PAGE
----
[reaction to One Year Bible June 19-20 readings]
In today’s reading from Acts we come across at least the second mini-statement of beliefs, or basically a quick telling of the history of Israel. In part, Paul explains that from David’s “descendants God has brought to Israel the Savior Jesus, as he promised.” Also, Paul notes that “God raised [Jesus] from the dead” and while even David’s bodies decays, “the one whom God raised from the dead did not see decay.” Earlier in Acts, we get a similar listing of articles of faith. This time from Peter who taught, “Men of Israel, listen to this: Jesus of Nazareth was a man accredited by God to you by miracles, wonders and signs, which God did among you through him, as you yourselves know. This man was handed over to you by God’s set purpose and foreknowledge; and you, with the help of wicked men, put him to death by nailing him to the cross.” Also, Peter points out that Jesus “was not abandoned to the grave, nor did his body see decay. God has raised this Jesus to life, and we are all witnesses of the fact.”
What strikes me about these passages is how decidedly non-trinitarian they are. In Peter’s passage he refers to “this man” and they both talk about Jesus coming from David, and God raising Jesus. Peter’s remarks come just after finishing the Gospel of John which seems to contradict this notion of Christ as separate from God by beginning with these, well, these words: “In the beginning was the Word, and the Word was with God, and the Word was God.” John 1:1.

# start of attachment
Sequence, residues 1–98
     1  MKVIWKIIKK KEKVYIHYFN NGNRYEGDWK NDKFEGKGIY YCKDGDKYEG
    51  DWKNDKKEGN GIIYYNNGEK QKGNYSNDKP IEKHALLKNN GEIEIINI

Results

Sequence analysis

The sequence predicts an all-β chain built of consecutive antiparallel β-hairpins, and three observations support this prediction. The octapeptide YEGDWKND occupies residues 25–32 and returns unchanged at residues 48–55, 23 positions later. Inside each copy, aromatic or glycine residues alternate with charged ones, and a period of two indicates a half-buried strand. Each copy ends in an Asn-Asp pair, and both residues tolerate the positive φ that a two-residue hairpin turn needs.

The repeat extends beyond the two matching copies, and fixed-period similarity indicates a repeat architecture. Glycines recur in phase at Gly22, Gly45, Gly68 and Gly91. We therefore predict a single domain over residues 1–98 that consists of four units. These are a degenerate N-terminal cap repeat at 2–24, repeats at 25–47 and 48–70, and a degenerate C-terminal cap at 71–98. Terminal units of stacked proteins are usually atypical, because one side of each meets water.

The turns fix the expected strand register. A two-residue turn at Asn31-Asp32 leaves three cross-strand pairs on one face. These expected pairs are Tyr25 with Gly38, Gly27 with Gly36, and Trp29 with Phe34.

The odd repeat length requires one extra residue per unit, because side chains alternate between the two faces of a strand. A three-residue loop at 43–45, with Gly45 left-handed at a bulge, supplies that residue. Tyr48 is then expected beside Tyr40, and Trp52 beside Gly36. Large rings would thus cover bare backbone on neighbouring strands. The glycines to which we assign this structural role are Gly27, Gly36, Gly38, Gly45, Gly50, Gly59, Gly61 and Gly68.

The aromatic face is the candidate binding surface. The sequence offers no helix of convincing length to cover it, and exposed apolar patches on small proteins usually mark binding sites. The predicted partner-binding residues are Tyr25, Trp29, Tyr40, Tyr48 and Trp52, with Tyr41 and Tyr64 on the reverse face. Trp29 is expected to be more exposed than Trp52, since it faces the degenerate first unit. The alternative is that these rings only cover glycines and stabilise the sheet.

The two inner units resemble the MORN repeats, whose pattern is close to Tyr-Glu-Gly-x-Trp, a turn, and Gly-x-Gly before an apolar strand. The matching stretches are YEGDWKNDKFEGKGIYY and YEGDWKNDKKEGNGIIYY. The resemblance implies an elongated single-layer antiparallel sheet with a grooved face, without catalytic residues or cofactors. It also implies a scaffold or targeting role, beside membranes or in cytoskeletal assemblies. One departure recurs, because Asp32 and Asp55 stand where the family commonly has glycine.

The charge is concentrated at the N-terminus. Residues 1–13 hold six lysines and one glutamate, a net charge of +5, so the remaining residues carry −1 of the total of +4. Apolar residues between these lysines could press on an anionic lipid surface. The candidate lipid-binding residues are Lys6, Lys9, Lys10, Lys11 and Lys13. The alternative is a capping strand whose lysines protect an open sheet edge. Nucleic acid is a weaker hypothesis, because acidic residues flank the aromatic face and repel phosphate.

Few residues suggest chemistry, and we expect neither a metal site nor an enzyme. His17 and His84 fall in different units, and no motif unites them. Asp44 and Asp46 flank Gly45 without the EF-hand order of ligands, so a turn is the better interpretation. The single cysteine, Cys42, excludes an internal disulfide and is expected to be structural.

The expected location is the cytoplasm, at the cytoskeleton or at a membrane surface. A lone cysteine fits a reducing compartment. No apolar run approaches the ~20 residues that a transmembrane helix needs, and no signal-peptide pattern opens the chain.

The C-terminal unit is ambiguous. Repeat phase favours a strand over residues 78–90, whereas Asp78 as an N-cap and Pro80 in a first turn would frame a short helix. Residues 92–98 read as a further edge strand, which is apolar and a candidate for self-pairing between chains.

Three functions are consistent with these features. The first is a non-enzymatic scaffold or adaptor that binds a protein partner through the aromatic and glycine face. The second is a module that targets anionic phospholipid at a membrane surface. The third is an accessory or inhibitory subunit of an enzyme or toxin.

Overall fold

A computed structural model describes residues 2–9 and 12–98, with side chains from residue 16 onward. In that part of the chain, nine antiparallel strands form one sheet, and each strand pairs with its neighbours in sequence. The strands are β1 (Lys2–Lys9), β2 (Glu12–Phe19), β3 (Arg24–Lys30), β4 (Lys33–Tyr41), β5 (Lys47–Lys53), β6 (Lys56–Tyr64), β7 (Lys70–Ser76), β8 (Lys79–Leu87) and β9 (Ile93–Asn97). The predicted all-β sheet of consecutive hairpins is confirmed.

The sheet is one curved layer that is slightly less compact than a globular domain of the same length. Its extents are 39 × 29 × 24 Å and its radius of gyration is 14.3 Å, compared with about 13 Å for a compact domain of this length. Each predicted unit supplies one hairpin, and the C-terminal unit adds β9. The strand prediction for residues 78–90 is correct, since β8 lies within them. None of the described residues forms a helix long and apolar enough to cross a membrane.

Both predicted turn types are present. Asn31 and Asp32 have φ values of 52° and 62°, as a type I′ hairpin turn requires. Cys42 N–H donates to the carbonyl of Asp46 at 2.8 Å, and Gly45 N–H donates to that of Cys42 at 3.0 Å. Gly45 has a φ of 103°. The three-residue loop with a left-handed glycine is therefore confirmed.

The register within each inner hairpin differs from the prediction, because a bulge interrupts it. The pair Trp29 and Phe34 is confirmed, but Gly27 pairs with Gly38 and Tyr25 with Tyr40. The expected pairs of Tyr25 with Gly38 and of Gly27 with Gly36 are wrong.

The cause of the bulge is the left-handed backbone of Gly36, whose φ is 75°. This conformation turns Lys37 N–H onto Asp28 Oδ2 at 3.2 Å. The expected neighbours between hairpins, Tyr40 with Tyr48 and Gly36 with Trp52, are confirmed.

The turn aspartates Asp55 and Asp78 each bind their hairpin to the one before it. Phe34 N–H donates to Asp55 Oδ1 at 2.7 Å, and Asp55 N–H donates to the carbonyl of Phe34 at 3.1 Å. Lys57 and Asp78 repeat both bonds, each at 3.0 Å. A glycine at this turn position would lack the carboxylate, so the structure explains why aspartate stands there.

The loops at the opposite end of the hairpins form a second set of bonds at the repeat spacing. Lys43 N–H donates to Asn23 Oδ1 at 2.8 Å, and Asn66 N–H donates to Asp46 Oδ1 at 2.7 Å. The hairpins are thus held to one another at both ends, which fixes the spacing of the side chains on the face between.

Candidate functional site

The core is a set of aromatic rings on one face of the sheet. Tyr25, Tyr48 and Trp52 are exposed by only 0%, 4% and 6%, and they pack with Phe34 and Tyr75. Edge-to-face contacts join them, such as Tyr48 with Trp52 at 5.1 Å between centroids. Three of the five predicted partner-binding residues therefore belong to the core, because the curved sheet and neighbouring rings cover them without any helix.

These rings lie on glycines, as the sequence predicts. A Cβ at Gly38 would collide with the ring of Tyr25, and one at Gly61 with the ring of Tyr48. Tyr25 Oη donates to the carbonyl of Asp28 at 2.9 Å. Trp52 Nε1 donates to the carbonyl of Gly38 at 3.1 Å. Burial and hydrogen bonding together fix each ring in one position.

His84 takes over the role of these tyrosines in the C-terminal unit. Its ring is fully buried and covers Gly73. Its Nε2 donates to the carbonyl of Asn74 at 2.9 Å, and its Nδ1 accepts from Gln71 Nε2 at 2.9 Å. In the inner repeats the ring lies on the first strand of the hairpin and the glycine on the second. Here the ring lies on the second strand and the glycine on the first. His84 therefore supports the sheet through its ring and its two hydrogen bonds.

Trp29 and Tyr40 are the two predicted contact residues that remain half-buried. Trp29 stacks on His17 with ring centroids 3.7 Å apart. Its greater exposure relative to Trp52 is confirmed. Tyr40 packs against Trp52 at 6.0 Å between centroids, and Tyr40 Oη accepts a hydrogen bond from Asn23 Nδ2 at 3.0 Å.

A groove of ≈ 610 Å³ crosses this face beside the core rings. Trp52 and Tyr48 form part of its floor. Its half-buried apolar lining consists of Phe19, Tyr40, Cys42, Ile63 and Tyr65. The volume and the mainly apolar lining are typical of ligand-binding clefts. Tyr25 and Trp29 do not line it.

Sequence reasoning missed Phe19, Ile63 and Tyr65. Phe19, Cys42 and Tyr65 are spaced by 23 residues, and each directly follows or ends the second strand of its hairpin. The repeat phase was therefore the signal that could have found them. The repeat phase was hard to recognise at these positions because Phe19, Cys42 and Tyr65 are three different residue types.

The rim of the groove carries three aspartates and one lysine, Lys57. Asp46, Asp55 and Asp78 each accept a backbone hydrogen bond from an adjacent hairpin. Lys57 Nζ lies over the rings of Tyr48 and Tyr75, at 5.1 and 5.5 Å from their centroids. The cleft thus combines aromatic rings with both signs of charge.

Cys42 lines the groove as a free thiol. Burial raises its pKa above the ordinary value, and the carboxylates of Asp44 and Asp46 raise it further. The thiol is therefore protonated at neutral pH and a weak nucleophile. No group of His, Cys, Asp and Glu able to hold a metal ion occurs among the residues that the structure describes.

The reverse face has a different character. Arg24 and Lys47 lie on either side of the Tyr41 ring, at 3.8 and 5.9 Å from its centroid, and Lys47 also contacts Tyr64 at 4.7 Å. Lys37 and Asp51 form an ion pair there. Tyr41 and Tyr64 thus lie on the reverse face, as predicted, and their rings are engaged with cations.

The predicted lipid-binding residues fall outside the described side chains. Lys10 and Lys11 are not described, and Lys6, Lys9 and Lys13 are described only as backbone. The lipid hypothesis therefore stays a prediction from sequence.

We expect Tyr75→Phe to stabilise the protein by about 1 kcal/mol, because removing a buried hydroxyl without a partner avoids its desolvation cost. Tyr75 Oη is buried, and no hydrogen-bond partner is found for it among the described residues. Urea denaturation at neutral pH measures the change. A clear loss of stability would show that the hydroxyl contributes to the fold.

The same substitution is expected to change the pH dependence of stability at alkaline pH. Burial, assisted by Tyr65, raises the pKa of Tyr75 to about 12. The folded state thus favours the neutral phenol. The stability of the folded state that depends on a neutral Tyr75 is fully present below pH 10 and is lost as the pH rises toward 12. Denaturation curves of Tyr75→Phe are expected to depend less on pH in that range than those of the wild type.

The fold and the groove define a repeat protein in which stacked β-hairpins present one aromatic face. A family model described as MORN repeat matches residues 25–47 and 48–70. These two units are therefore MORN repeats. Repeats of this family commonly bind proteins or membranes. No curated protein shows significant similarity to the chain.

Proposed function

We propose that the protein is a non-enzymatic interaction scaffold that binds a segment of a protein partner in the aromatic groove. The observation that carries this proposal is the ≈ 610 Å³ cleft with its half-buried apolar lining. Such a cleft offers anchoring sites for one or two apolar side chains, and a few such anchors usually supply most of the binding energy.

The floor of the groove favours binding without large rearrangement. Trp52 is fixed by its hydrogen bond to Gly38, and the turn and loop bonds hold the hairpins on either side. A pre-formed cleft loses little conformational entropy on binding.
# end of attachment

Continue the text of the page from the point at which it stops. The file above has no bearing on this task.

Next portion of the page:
Now there are believers today who accept Jesus as important, or even savior, but who do not believe in the idea of trinity. Muslims believe that Jesus was born of a virgin, resurrected and will come again to judge the world. Mormons believe Jesus is the Son of God, quite literally. But neither group accepts the idea that Jesus is God. Also, some of my ultra liberal friends have rejected this idea that Jesus is God.
I’ve only picked out one scripture from John, but look for yourself if you don’t believe me, it clearly asserts that Jesus and God are one. For those of us who do not have the benefit of a superseding text to the New Testament, i.e., the Quran or the Book of Mormon, I submit that such contradictory passages authorize us to ask questions about the nature of Jesus. They almost require us to.
I’m going to send this to my favorite Mormons & Muslims in hopes that they can provide some insight on their views of the Trinity and what they think of John’s Gospel. (Is it corrupted? Is it misunderstood?) As for the super liberals, they just chose not to believe the bits that are inconvenient. 😉
UPDATE: I’ve received a couple of personal messages from Mormon brothers and sisters pointing out that John also affirms Jesus as a separate being from God in Chapter 17 when Jesus prays to God. How can one pray to oneself? They promise to comment more fully when the rigors of private practice let up a bit. I hope they do!